|Last year's winner Nico Rosberg|
After a two-week hiatus, Formula One fires up again as China and the Shanghai International Circuit play host to the third round of the 2013 FIA F1 World Championship.
The tenth year of the Chinese Grand Prix sees teams arriving at the expansive SIC paddock with as many questions as answers generated by the first two grands prix of 2013.
Uppermost in many minds is the perennial early-season issue of tire degradation. In recent years race strategies here have been on the cusp between two and three stops, leading to out-of-sequence racing and grands prix that remain tense right up until the closing laps.
As was the case in 2012, Pirelli will bring the white-banded medium and yellow-banded soft compounds to Shanghai. While the medium tire has been used already this year both in Malaysia and Australia, this weekend is the first time the new soft compound has been seen at a race. While this tire was used extensively during testing, the differences of temperature, track configuration and surface construction render that data largely irrelevant: teams will need to develop their understanding over the weekend.
Even without that particular complication, SIC has the capacity to deliver captivating grands prix. Its long start-finish and back straights, in combination with the hairpin and tight ‘snail’ corner complexes, provide great overtaking opportunities, with or without the assistance of DRS.
The opening two rounds of the 2013 Championship have provided intrigue rather than a definitive form guide for the season ahead. Kimi Räikkönen’s win for Lotus in Australia was an assured performance but the much different conditions of track and temperature in Malaysia saw Red Bull return to dominance. The Shanghai International Circuit will be different again, equally capable of providing a strong indication of form or shuffling the pack further.
- Chinese GP Fast Facts
The nine Chinese Grands Prix held to date at the Shanghai International Circuit have produced eight different winners. Only Lewis Hamilton (2008 and 2011) has triumphed more than once.
Only three times has the winning constructor in China gone on to lift the Constructors’ Championship trophy at the end of the season (Ferrari 2004, 2007, Renault 2005), and only three times has the winning driver gone on to win the Drivers’ Championship (Fernando Alonso 2005,Kimi Raikkonen 2007, Hamilton, 2008).
- Defending champions have faired even worse: McLaren’s Jenson Button is the only driver to win in China with the number one on his car; Ferrari (2004) are the only defending constructors’ champion to win the race.
- Ferrari (2004, 2006, 2007) and McLaren (2008, 2010, 2011) share the honors as constructors, they have each won three times in Shanghai. Red Bull (2009), Renault (2005) and Mercedes (2012) have each won the race on a single occasion.
- Nico Rosberg’s maiden pole and first victory were the standout performances of the 2012 race. Rosberg became the third Mercedes works driver to win in the F1 World Championship, following in the footsteps of Juan Manuel Fangio and Stirling Moss. It was Mercedes’ first (and to date only) victory since returning as a manufacturer in 2010, and therefore their solitary F1 win since 1955.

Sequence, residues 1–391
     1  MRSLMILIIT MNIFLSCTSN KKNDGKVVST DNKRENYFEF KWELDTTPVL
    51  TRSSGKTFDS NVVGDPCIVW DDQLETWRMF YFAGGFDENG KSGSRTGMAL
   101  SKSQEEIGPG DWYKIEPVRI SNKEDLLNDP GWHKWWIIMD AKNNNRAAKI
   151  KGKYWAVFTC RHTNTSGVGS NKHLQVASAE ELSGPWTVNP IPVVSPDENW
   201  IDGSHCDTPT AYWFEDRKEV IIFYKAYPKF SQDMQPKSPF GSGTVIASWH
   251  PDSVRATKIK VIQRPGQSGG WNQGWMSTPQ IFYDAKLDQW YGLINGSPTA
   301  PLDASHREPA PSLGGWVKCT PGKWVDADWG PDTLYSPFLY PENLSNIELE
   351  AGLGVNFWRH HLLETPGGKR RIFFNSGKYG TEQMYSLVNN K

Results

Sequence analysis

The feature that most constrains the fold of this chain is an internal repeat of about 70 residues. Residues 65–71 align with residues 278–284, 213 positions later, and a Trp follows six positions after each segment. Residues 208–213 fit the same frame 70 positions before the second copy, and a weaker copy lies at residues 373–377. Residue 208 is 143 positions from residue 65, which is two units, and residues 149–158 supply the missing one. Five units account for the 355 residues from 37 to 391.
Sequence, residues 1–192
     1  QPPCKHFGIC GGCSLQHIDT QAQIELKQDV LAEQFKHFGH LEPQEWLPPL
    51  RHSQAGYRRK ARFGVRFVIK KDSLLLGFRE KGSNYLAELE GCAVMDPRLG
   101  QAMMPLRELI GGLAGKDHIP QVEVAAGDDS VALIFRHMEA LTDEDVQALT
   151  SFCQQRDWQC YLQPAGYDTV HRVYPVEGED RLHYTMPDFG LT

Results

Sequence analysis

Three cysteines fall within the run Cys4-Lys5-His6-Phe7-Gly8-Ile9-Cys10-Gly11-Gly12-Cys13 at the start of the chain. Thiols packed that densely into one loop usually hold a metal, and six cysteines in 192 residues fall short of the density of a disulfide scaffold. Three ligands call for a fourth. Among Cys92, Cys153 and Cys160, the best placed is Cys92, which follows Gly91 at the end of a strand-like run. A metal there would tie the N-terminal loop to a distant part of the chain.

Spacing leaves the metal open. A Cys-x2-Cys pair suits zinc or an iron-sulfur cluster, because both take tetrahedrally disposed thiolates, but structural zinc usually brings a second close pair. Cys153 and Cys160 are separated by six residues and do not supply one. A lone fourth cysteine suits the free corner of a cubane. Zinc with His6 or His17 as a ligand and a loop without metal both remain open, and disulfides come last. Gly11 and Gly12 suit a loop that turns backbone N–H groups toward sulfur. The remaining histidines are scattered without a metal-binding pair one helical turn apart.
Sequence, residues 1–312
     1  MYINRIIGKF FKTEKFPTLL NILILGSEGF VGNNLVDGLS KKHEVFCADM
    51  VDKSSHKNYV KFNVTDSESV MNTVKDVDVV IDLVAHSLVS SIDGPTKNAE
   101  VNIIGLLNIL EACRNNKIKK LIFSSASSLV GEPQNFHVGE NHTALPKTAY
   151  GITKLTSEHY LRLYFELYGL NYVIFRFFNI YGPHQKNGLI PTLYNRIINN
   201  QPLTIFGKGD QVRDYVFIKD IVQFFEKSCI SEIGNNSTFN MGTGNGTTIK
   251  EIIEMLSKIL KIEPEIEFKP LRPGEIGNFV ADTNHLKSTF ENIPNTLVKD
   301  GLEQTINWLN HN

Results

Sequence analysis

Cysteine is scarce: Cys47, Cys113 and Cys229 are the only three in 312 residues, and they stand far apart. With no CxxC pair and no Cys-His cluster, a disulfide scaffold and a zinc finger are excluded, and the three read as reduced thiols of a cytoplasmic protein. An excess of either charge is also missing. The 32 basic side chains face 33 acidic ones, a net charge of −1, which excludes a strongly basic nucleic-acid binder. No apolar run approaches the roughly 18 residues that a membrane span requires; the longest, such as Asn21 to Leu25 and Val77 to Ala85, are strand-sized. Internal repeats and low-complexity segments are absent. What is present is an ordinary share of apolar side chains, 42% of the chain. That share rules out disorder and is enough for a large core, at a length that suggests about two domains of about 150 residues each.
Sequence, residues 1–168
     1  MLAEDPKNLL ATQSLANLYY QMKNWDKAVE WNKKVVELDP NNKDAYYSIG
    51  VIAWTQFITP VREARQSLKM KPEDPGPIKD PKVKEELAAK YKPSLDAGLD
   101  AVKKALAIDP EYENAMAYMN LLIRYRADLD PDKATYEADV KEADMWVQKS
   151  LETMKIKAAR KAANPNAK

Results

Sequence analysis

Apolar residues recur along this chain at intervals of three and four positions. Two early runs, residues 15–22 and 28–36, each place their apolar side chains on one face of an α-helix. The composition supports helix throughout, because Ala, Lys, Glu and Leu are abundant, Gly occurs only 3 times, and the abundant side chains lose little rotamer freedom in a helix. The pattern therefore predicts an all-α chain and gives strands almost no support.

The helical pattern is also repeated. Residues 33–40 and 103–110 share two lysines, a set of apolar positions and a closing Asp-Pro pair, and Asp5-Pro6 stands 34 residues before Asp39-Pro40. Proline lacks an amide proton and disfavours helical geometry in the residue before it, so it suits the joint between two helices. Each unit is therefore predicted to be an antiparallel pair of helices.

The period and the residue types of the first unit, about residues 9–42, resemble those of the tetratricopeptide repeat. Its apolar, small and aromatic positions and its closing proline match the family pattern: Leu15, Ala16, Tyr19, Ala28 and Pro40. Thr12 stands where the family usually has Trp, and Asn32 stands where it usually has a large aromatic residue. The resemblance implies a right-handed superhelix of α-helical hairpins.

- Rosberg was the first new entry for three seasons on the list of grand prix winners. For the previous top-step debutant one has to look back to the German Grand Prix of 2009, won by Mark Webber. Both Webber and Rosberg took their first victory from their first pole position, a distinction shared in the current field by Sebastian Vettel (Italy 2008), Hamilton (Canada 2007), Felipe Massa (Turkey 2006) and Pastor Maldonado, the latter joining this select group in Spain, two races after Rosberg – albeit thanks to Hamilton’s demotion to the back of the grid.
- Despite SIC providing good overtaking opportunities, only once has a podium finisher started from outside the top ten (2011, Webber 18th to third).
- The braking zone for the hairpin at turn 14 sees drivers experience the highest g-forces of the year. With around three seconds on the brakes, the cars decelerate from maximum speed down to around 60kph for the slow corner.
- SIC is built on reclaimed marshland. It is supported by a buoyant polystyrene sandwich, which sits atop more than 40,000 concrete pilings, some of which go 80m deep into the soft earth. The circuit has been vulnerable to subsidence, requiring extensive resurfacing work over the years to even out bumps in the track.
Length of lap:
1:32.238 (Michael Schumacher, Ferrari, 2004)
Start line/finish line offset
Total number of race laps
Total race distance
Pitlane speed limits
60km/h during practice and qualifying;
100km/h during race
Changes to the circuit since 2012
The final curb section at the exit to turn 13 (a beveled section, after a serrated negative part) has a 400mm chamfer added to the rear.
The top and back edge of all exit curbs have been rounded and chamfered with the intention of preventing tire damage.
Grass around the outside of turns one, two, three, six and eight has been replaced with Grass-Crete (similar to that around the outside of turn 11) and then painted green (with non-slip paint).
The Shanghai International Circuit will feature DRS zones on the back straight and the start-finish straight. They will have individual detection points.